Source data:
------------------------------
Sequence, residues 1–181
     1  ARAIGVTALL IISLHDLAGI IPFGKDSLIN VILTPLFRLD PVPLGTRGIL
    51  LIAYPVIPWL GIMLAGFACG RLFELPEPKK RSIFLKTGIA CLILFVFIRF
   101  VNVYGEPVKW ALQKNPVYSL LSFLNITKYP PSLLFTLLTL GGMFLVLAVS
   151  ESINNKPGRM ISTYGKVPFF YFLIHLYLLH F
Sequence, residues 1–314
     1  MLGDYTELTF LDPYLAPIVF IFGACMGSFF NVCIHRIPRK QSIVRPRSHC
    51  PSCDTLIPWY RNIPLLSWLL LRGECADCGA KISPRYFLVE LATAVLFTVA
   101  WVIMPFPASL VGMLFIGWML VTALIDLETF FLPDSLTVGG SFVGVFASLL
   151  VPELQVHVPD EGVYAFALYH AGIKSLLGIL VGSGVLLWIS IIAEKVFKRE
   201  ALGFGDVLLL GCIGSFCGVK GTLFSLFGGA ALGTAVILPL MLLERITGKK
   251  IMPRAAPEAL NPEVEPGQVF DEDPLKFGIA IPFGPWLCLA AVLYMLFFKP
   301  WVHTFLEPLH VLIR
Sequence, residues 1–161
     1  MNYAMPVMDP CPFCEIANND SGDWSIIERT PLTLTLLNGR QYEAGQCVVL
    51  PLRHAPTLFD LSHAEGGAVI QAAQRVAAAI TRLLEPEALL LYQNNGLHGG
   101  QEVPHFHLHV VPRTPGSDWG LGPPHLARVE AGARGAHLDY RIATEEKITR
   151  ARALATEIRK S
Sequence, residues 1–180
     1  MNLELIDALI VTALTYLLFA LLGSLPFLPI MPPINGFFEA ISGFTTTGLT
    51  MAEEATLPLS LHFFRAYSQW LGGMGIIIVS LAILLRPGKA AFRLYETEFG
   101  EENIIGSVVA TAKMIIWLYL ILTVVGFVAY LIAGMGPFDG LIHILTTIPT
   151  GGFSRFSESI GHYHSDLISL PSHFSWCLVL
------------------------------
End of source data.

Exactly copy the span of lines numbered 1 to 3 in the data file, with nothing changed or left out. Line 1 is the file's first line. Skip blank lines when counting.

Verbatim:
Sequence, residues 1–181
     1  ARAIGVTALL IISLHDLAGI IPFGKDSLIN VILTPLFRLD PVPLGTRGIL
    51  LIAYPVIPWL GIMLAGFACG RLFELPEPKK RSIFLKTGIA CLILFVFIRF